For Tom Behrens, Wednesday, May 25, brought an annual routine at Mayo Clinic he has helped manage for 30 years. This time, though, the event took flight in a direction he did not expect. It was banding day for Mayo's class of 2022 peregrine falcons. And when it was all said and done, one of the chicks carried his name.
Behrens, a unit head in Facilities Operations, didn't see the recognition coming.
Banding day is always a busy one for him. The falcon chicks in the nest box atop the Mayo Building in Rochester are about 3 weeks old, but they don't move around much yet. It's just the right time for Jackie Fallon, Mayo's naturalist, to band the birds. And banding takes a sizeable team to complete.
Behrens' job is to lead that team — which includes Fallon, falcon handlers, Facilities Operations staff, media representatives and others — through a maze of corridors, staircases and elevators to the rooftop to retrieve the young birds.
He then opens the nestbox, plucks the falcon chicks from their home, and hands them to Fallon. It's a process that has to happen fast. Falcon parents Hattie and Orton are none to pleased with the activities involving their offspring.
Over the years, Behrens has been on the receiving end of swipes by Hattie, despite wearing a hard hat and several of his team members waving brooms to keep the adult falcons at a safe distance.
Back in Judd Auditorium, where the banding took place, Behrens watched Fallon and her team carefully weigh, examine, band and name the birds. The names for the chicks were drawn from more than 1,700 possible names suggested names by fans of Mayo's Peregrine Falcon Program.
Behrens was delighted as Comet, Nova and Rebel received their official recognition. When the time came to name the fourth falcon chick, Fallon went off-script. She asked Behrens to join her on stage and announced that the last falcon chick of the class of 2022 would be named Tom in honor of Behrens' 30-year involvement in Mayo's Peregrine Falcon Program.
"I was very surprised, humbled and a little lost for words when it happened," Behrens said. "I am really lucky to have so many great people who help with this program and who deserve all the credit."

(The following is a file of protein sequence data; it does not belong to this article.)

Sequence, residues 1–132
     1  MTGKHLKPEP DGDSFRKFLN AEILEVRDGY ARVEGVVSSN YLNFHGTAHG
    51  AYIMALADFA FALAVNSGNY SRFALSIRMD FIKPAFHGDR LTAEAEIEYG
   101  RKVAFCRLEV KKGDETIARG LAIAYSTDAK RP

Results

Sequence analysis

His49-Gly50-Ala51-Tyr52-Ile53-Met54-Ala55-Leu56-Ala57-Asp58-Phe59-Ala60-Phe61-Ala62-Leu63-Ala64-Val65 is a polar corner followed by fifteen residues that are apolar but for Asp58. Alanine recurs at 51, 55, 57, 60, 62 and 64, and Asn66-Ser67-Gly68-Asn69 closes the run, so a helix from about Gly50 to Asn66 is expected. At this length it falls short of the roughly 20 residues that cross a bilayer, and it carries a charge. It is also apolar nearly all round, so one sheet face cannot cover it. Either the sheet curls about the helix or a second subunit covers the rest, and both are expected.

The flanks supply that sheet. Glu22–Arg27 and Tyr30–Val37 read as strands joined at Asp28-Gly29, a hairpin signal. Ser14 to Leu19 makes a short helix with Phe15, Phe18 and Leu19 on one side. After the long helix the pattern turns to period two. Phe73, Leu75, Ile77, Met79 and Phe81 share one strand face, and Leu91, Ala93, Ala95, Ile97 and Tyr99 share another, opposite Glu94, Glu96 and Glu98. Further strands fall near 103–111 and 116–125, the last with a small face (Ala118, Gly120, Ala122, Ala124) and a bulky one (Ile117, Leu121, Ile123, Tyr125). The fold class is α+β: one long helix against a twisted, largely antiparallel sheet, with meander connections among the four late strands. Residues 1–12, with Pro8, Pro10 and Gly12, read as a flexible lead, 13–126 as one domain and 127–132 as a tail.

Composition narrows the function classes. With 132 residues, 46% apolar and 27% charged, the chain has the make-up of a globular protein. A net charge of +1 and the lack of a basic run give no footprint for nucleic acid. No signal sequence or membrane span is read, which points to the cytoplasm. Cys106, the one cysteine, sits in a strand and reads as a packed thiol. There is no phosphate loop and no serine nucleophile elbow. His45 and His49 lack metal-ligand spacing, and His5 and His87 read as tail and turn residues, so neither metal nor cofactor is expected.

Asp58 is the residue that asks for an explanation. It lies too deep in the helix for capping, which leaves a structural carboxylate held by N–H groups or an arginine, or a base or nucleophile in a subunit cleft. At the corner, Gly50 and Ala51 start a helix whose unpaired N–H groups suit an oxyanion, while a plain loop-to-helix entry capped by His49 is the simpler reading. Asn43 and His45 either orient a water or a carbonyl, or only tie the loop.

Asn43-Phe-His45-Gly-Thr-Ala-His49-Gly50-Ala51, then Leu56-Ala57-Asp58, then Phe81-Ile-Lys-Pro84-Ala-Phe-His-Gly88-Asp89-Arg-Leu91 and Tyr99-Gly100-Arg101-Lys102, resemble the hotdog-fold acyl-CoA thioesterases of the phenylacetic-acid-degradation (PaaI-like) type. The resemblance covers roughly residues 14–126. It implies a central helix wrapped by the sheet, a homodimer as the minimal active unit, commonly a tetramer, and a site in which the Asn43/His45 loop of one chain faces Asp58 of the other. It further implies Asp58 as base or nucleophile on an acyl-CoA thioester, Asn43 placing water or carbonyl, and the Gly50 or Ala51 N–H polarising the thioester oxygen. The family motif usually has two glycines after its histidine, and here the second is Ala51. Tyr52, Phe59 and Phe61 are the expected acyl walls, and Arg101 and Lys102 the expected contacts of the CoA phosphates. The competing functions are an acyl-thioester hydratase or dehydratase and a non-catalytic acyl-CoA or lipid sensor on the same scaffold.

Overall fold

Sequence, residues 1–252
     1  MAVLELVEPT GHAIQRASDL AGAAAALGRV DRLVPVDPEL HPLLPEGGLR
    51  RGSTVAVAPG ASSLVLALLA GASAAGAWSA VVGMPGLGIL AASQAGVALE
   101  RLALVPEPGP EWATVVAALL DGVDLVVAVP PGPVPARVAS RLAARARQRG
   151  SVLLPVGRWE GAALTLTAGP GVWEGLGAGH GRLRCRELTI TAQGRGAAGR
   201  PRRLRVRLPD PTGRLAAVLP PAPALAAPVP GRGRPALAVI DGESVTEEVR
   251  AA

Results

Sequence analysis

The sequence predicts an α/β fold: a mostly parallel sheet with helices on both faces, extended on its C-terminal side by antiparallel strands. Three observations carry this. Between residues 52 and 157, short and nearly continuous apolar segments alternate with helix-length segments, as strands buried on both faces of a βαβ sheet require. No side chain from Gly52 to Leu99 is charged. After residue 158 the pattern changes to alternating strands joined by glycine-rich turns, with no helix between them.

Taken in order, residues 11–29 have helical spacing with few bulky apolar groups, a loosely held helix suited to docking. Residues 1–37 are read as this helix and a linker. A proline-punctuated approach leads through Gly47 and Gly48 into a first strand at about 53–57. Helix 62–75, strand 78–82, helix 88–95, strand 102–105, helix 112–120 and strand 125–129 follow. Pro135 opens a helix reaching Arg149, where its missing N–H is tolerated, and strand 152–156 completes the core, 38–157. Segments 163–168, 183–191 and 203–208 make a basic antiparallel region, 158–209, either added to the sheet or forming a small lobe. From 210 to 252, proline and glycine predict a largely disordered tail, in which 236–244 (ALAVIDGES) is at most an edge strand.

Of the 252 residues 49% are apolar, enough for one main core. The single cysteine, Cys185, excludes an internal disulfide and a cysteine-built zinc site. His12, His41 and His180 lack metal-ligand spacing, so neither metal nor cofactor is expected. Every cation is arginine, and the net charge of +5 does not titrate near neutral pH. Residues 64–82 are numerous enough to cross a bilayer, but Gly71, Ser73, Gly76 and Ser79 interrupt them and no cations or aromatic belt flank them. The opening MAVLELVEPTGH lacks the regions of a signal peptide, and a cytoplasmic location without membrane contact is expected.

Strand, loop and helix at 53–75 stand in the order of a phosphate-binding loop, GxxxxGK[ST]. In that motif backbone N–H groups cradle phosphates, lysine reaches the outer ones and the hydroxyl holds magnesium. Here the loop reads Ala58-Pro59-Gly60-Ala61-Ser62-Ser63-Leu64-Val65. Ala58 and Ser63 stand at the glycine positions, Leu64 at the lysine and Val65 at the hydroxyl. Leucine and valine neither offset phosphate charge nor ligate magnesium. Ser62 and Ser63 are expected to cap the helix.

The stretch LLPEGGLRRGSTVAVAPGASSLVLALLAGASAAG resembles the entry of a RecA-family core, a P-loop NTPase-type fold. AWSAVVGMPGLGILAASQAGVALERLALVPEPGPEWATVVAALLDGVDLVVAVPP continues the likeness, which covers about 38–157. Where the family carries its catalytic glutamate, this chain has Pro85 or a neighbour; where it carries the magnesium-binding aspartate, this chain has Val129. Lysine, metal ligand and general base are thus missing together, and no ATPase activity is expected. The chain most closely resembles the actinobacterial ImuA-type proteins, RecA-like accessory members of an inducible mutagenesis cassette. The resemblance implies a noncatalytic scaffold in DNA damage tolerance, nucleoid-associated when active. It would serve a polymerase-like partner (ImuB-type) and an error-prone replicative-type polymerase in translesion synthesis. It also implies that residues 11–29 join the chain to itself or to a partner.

Fallon suggested Behrens deserved credit, too.
"We would not have the success with this project without everything Tom and his staff do in support of the program," Fallon says.
Behrens' part in Mayo's Peregrine Falcon Program — which began in 1987 as a conservation effort — includes much more than handling banding day logistics.
When Mayo hired Behrens in 1992, he says he became involved in the program in his first week.
"It sure wasn't in my job description," he says.
Behrens tends to the falcons' needs year-round in close collaboration with Fallon and the Heritage Days team, which took the program under its wings many years ago. Behrens' team maintains the nestbox, installs new technology such as the live falcon cams, assists Fallon with live programming, and on occasion retrieves injured falcons found on Mayo grounds.
Behrens says he has noticed how much the falcons have meant to patients, staff and visitors over the years.
"It's really cool for us in Facilities to know we have a direct effect on patients, staff and everyone who is watching. You can't help but feel happy," he says.
As for Tom, Behrens has a special wish for his namesake and his siblings.
"My wish for falcon Tom is to be the first one to fly and be a quick learner," he says. "And maybe I get a report next year that he is down South somewhere enjoying the weather."
You can watch videos of the banding on the Employees at Mayo Clinic Facebook page. There, you'll find a segment recorded on the rooftop and another one recorded in the banding room. You don't need a Facebook account to view the videos.
Learn more about Mayo's Peregrine Falcon Program.